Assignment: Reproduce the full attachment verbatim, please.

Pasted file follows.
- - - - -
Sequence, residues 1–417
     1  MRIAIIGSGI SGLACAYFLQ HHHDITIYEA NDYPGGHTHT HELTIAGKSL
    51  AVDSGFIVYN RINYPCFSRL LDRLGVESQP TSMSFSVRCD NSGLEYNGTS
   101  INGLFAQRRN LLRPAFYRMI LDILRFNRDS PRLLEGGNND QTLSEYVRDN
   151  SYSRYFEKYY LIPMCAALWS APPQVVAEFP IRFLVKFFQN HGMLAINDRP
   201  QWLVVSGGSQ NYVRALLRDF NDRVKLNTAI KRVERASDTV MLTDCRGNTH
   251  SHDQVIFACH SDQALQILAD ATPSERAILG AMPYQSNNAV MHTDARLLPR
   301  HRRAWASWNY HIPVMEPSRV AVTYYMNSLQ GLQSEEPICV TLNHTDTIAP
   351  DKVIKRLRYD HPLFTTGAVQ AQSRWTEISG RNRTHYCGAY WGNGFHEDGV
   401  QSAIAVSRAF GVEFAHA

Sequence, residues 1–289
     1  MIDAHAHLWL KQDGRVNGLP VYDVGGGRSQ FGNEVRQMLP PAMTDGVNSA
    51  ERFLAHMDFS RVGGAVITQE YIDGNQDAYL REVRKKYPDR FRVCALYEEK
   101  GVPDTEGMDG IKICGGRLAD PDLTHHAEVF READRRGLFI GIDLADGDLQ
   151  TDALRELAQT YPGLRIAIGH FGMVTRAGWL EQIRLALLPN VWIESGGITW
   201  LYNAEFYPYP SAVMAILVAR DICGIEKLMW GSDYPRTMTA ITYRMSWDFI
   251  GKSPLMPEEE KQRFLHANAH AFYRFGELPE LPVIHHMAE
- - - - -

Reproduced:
Sequence, residues 1–417
     1  MRIAIIGSGI SGLACAYFLQ HHHDITIYEA NDYPGGHTHT HELTIAGKSL
    51  AVDSGFIVYN RINYPCFSRL LDRLGVESQP TSMSFSVRCD NSGLEYNGTS
   101  INGLFAQRRN LLRPAFYRMI LDILRFNRDS PRLLEGGNND QTLSEYVRDN
   151  SYSRYFEKYY LIPMCAALWS APPQVVAEFP IRFLVKFFQN HGMLAINDRP
   201  QWLVVSGGSQ NYVRALLRDF NDRVKLNTAI KRVERASDTV MLTDCRGNTH
   251  SHDQVIFACH SDQALQILAD ATPSERAILG AMPYQSNNAV MHTDARLLPR
   301  HRRAWASWNY HIPVMEPSRV AVTYYMNSLQ GLQSEEPICV TLNHTDTIAP
   351  DKVIKRLRYD HPLFTTGAVQ AQSRWTEISG RNRTHYCGAY WGNGFHEDGV
   401  QSAIAVSRAF GVEFAHA

Sequence, residues 1–289
     1  MIDAHAHLWL KQDGRVNGLP VYDVGGGRSQ FGNEVRQMLP PAMTDGVNSA
    51  ERFLAHMDFS RVGGAVITQE YIDGNQDAYL REVRKKYPDR FRVCALYEEK
   101  GVPDTEGMDG IKICGGRLAD PDLTHHAEVF READRRGLFI GIDLADGDLQ
   151  TDALRELAQT YPGLRIAIGH FGMVTRAGWL EQIRLALLPN VWIESGGITW
   201  LYNAEFYPYP SAVMAILVAR DICGIEKLMW GSDYPRTMTA ITYRMSWDFI
   251  GKSPLMPEEE KQRFLHANAH AFYRFGELPE LPVIHHMAE